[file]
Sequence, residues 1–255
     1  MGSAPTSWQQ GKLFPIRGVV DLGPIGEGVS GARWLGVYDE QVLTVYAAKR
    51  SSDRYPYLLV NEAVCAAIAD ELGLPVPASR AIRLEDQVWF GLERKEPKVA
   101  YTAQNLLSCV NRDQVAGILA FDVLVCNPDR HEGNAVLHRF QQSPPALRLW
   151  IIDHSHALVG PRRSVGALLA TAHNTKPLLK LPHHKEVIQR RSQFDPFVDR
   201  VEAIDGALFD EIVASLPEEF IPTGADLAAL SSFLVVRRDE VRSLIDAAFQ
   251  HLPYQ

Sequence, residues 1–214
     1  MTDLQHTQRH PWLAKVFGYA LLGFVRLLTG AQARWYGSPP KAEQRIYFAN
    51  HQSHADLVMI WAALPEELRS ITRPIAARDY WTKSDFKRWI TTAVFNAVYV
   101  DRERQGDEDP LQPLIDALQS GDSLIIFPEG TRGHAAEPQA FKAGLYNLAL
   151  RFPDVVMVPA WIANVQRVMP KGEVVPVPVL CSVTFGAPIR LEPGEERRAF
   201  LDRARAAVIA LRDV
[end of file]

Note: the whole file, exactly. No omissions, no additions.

Sequence, residues 1–255
     1  MGSAPTSWQQ GKLFPIRGVV DLGPIGEGVS GARWLGVYDE QVLTVYAAKR
    51  SSDRYPYLLV NEAVCAAIAD ELGLPVPASR AIRLEDQVWF GLERKEPKVA
   101  YTAQNLLSCV NRDQVAGILA FDVLVCNPDR HEGNAVLHRF QQSPPALRLW
   151  IIDHSHALVG PRRSVGALLA TAHNTKPLLK LPHHKEVIQR RSQFDPFVDR
   201  VEAIDGALFD EIVASLPEEF IPTGADLAAL SSFLVVRRDE VRSLIDAAFQ
   251  HLPYQ

Sequence, residues 1–214
     1  MTDLQHTQRH PWLAKVFGYA LLGFVRLLTG AQARWYGSPP KAEQRIYFAN
    51  HQSHADLVMI WAALPEELRS ITRPIAARDY WTKSDFKRWI TTAVFNAVYV
   101  DRERQGDEDP LQPLIDALQS GDSLIIFPEG TRGHAAEPQA FKAGLYNLAL
   151  RFPDVVMVPA WIANVQRVMP KGEVVPVPVL CSVTFGAPIR LEPGEERRAF
   201  LDRARAAVIA LRDV